Published January 25, 2017
Now some fresh pickings from the Political Grapevine:
An Iranian Foreign Ministry official says his government should target one of the United States' closest allies to ensure that President Bush does not attack Iran during his final weeks in office.
The Middle East Media Research Institute (MEMRI) reports Wahid Karimi was quoted as saying, "The last two months of Bush's presidency... will be the worst days of his presidency for Iran and during them he can exploit his power to carry out political adventurism and an ill-conceived operation. If so, how can we restrain him?"
He adds, "The most appropriate means of deterrence that Iran has, in addition to a retaliatory operation in the [Gulf] region, is to take action against London."
The executive producer of a show that has lately made a living lampooning Sarah Palin has glowing praise for the governor now that they have met.
"Saturday Night Live"'s Lorne Michaels tells Entertainment Weekly Online, "You can see that she's a very powerful, very disciplined, incredibly gracious woman. This was her first time out and she's had a huge impact. People connect to her."
Actor Alec Baldwin — who appeared on "SNL" alongside Palin — expressed a similar sentiment. Baldwin writes on Huffingtonpost.com, "Palin came on to be a good sport. And she was. She was polite, gracious. More so than some of the famous actors who come through here. Believe me."
What's the Objective?
For the second time in just over a week, a journalist for a major publication has dismissed the concept of media objectivity.
Former Newsweek reporter Michael Hastings writing for GQ magazine says that while covering the election, "I quickly realized Rudy [Giuliani] was a maniac. I had a recurring fantasy in which I took him out during a press conference — it was non-lethal, just something that put him out of commission for a year or so... if that sounds like I had some trouble being 'objective,' I did. Objectivity is a fallacy."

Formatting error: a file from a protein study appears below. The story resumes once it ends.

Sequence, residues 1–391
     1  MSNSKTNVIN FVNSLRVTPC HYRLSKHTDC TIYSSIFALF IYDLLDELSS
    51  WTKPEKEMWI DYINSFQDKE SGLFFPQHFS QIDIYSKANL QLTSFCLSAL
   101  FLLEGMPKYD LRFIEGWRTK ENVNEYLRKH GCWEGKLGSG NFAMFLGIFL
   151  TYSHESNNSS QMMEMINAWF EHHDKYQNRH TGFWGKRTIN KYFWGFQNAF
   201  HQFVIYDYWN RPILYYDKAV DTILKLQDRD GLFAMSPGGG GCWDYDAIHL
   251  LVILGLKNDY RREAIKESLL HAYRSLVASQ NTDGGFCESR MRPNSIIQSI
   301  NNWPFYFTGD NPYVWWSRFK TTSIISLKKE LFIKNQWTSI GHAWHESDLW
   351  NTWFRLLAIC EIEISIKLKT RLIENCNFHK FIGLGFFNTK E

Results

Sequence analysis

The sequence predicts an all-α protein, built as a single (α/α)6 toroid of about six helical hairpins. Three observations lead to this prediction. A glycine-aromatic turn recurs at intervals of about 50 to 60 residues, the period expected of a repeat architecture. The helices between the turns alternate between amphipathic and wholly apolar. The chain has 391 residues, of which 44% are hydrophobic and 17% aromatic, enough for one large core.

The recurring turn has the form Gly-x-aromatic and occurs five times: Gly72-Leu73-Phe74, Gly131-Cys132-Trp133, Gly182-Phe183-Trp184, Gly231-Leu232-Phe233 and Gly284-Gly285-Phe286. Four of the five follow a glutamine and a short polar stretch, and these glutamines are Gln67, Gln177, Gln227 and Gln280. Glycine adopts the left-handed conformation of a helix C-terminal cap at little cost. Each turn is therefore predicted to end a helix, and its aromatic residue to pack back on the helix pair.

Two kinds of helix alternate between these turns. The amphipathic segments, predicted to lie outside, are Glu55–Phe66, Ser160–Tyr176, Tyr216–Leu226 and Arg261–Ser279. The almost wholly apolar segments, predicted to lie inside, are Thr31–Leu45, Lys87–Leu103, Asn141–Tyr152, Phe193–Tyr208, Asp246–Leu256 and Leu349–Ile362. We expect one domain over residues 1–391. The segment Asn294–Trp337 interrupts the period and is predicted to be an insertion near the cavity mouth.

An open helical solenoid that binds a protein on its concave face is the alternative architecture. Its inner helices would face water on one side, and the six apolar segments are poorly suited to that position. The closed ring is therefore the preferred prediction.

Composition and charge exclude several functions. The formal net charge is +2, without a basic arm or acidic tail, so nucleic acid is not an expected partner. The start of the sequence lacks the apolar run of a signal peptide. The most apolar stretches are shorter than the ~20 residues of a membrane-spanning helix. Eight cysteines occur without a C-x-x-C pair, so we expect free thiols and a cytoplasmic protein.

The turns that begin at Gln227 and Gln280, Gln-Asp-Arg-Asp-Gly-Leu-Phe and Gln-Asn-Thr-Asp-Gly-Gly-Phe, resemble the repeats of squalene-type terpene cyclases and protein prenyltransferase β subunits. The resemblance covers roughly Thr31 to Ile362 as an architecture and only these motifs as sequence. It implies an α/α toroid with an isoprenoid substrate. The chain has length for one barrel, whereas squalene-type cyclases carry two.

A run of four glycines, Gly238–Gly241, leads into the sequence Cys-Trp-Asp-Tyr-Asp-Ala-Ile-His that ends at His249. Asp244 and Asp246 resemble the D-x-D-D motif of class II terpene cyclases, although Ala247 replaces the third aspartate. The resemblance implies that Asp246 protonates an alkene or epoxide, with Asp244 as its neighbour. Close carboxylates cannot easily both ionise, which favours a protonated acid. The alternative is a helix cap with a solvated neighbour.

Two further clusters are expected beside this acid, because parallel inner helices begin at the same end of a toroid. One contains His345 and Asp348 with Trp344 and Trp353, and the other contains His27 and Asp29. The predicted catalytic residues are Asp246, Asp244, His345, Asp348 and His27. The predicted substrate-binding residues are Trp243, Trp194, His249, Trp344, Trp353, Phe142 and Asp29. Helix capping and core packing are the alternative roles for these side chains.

He also said John McCain's view on war troubles him, adding, "He seemed to have gone just a little crazy, Captain Ahab style."
Last week, New Orleans Times-Picayune reporter Chris Rose said this about his paper in the aftermath of Hurricane Katrina: "There's no pretending to be objective... we've got way too much at stake to be dispassionate observers."
The headquarters for one of the candidates running for Congress in Southwestern Michigan is a jail cell.
The Reverend Edward Pinkney of the Green Party is running against incumbent Republican Senator Fred Upton for Michigan's 6th Congressional District. Pinkney was sent to prison in June for violating his probation.
He was convicted last year of felony and misdemeanor fraud. A judge ruled Pinkney threatened another judge when he wrote an article about his opposition to an area residential and commercial development.
Pinkney says the ruling is unjust and that he was only paraphrasing some Bible verses. So to bring attention to his situation Pinkney decided to "stand up for what is right. The only way that we can get the word out and bring these people to justice is if I ran for office."
— FOX News Channel's Zachary Kenworthy contributed to this report.